Guest Post By Willis Eschenbach
Often I start off by looking at one thing, and I wind up getting side-tractored merrily down some indistinct overgrown jungle path. I was thinking about the difference in the strength of the sunshine between the
apogee aphelion, which is when the Earth is furthest from the sun in July, and the perigee perihelion in January, when the Earth and the sun are nearest. On a global 24/7 average value, there is a peak-to-peak aphelion to perihelion swing of about twenty-two watts per square metre (22 W/m2). I note in passing that this is the same change in downwelling radiation that we’d theoretically get if starting in July the CO2 concentration went from its current level of 400 ppmv up to the dizzying heights of 24,700 ppmv by January, and then went back down again to 400 ppmv by the following July … but I digress.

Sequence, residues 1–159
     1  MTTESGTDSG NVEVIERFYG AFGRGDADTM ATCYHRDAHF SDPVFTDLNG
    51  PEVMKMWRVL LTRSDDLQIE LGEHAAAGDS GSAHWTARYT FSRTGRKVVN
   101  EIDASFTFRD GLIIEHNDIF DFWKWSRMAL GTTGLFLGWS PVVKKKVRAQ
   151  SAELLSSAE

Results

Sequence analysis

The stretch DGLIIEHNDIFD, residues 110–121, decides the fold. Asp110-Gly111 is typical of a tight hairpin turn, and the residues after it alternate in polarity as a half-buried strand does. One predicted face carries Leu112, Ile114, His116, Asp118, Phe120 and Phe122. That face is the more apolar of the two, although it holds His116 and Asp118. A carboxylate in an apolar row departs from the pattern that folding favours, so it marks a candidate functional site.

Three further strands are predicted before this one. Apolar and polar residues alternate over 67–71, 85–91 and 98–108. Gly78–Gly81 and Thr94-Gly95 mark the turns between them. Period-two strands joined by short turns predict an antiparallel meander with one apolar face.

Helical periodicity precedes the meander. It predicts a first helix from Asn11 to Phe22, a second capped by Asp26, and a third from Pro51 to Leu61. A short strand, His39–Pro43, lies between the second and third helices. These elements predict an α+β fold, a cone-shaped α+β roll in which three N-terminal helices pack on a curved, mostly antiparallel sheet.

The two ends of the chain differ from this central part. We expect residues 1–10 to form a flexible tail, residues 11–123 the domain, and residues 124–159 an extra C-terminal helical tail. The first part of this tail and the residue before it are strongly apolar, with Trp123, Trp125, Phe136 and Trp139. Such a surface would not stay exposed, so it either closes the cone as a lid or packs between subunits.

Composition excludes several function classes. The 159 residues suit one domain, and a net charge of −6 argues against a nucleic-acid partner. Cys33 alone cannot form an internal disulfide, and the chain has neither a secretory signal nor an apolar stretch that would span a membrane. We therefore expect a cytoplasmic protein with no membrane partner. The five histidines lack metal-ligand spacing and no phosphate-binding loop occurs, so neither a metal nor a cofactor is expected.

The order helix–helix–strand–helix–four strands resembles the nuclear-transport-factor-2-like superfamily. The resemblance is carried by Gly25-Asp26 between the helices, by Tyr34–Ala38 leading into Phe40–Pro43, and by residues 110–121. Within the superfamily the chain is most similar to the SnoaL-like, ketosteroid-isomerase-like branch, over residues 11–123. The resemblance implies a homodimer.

Now, because the Earth…
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